Scarborough residents amongst the most active in Yorkshire area

People in Scarborough are among the most active in Yorkshire and the Humber, with almost two-thirds of residents saying they do at least 150 minutes of exercise a week.

Friday, 25th October 2019, 10:00 am
Updated Tuesday, 29th October 2019, 8:20 am
The NHS says adults aged between 19 and 64 should do at least 150 minutes of moderate aerobic activity every week.

Sport England asked 481 Scarborough residents about their exercise habits as part of its annual Active Lives survey.

Of these, 64% said they did at least 150 minutes of physical activity a week , down slightly on the previous year. This placed the area 10th out of the region’s 22 local authorities.

A further 11% said they were fairly active, doing between 30 and 149 minutes of activity, while 25% were inactive, with less than 30 minutes of exercise each week.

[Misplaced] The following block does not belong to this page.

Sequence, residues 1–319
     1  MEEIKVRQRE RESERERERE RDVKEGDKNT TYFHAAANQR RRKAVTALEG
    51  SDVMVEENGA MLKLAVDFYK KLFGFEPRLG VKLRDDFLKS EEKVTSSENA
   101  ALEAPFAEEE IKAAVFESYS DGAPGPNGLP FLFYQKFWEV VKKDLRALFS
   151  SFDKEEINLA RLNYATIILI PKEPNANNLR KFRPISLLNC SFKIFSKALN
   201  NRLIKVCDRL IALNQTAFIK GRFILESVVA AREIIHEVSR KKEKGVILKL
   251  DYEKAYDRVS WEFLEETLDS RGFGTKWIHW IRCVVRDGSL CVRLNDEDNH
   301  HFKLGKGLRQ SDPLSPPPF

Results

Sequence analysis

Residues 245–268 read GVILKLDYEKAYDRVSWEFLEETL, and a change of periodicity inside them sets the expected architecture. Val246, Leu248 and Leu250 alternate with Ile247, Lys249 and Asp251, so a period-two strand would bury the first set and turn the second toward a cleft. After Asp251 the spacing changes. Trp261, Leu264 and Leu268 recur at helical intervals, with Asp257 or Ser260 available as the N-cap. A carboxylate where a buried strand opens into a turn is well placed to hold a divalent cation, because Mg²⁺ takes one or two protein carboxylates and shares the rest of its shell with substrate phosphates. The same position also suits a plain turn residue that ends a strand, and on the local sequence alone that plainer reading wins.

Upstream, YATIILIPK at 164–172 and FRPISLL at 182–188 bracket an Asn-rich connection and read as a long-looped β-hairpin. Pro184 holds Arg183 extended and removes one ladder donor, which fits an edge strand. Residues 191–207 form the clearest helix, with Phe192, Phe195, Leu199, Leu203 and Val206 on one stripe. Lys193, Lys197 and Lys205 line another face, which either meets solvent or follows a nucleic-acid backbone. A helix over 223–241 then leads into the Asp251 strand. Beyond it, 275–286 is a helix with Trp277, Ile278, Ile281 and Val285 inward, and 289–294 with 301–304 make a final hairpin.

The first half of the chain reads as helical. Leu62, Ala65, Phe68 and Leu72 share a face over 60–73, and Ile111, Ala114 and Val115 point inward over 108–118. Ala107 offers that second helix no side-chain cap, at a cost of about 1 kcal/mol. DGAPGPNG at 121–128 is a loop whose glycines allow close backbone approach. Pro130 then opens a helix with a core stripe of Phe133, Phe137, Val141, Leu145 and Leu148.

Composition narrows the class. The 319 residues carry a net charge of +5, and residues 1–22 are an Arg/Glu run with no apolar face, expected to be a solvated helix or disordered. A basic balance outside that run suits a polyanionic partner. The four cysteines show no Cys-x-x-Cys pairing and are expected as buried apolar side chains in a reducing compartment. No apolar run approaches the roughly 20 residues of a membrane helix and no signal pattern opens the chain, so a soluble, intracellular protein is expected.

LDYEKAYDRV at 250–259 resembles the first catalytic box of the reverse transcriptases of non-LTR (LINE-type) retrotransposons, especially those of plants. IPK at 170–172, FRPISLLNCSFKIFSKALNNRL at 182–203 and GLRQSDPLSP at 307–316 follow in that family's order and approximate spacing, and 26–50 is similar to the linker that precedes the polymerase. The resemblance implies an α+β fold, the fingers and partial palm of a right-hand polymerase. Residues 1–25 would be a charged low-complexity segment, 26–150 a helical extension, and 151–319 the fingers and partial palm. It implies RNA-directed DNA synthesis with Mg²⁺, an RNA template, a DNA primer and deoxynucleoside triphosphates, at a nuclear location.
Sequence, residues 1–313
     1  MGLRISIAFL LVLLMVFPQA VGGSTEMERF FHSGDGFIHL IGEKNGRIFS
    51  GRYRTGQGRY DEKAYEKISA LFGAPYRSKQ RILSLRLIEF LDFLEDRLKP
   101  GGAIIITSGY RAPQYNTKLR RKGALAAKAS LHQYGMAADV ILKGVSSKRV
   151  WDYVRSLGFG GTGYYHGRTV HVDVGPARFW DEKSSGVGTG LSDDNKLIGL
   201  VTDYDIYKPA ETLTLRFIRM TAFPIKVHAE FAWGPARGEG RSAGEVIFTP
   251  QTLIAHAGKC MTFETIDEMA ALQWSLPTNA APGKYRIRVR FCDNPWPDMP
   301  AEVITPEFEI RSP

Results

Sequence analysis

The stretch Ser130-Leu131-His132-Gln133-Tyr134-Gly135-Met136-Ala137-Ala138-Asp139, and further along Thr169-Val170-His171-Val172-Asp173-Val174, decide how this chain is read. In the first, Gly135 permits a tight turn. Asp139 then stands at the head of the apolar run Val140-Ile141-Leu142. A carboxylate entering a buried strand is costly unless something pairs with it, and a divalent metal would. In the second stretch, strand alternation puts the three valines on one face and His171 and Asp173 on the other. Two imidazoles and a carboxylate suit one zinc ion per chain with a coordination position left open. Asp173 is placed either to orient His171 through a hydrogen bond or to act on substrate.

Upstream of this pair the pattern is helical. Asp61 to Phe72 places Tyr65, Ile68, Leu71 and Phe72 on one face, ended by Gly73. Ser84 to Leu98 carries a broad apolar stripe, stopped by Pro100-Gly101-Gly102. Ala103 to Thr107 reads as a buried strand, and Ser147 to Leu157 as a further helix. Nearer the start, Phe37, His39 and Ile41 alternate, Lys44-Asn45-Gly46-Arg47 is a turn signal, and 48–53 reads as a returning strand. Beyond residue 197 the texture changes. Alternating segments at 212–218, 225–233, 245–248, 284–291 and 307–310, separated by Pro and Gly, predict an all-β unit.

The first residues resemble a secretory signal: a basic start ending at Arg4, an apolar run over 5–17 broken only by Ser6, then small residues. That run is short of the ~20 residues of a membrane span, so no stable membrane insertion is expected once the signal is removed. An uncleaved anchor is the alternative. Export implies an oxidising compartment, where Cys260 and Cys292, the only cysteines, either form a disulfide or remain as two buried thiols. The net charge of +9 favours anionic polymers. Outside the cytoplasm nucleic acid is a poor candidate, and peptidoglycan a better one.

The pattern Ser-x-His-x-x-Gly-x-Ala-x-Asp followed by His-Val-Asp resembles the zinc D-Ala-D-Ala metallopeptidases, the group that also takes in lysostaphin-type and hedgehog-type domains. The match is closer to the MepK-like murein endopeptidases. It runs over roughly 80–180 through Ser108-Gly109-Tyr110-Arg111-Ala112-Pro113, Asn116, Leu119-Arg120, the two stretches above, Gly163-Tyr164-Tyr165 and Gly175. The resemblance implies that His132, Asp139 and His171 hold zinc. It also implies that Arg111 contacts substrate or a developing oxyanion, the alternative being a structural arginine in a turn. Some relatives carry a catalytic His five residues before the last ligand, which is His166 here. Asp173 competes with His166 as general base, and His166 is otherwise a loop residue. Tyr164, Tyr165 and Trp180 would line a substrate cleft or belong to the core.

The NHS says adults aged between 19 and 64 should do at least 150 minutes of moderate aerobic activity every week to stay healthy.

This could include cycling over flat ground, brisk walking, or water aerobics. They should also do strength exercises such as yoga, pilates, or lifting weights twice a week.

Almost 178,000 people across England were polled for the latest survey, which revealed a record 63% of people were active. It also found the lowest ever number of inactive people since the survey began in 2015, at just 25%.

According to the survey, the poorest people are the most likely to be inactive – 33% did less than half an hour activity, compared to just 16% of the wealthiest people.

They were also the least likely to be active, with just 54% doing 150 minutes of exercise compared to 72% among the more affluent group.

Sport England chief executive Tim Hollingsworth said the improvements were excellent news, but that more needed to be done.

He said: “It shows us that efforts to help more people get active are starting to make a real difference, particularly for older adults, women and those with a disability or long-term health condition.

“But we can’t be complacent. Within the overall positive picture of these figures is a sobering reality – if you are well-off, you are far more likely to be active than if you’re on a low income or less affluent.”